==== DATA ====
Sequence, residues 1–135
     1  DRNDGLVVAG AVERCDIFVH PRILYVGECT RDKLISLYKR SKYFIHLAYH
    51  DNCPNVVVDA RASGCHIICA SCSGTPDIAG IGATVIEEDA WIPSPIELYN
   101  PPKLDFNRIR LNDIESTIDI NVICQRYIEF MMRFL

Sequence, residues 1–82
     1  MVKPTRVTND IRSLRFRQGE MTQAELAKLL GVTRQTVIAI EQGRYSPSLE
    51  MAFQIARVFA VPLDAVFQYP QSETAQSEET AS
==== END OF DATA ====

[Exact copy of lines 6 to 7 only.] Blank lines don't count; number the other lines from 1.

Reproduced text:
     1  MVKPTRVTND IRSLRFRQGE MTQAELAKLL GVTRQTVIAI EQGRYSPSLE
    51  MAFQIARVFA VPLDAVFQYP QSETAQSEET AS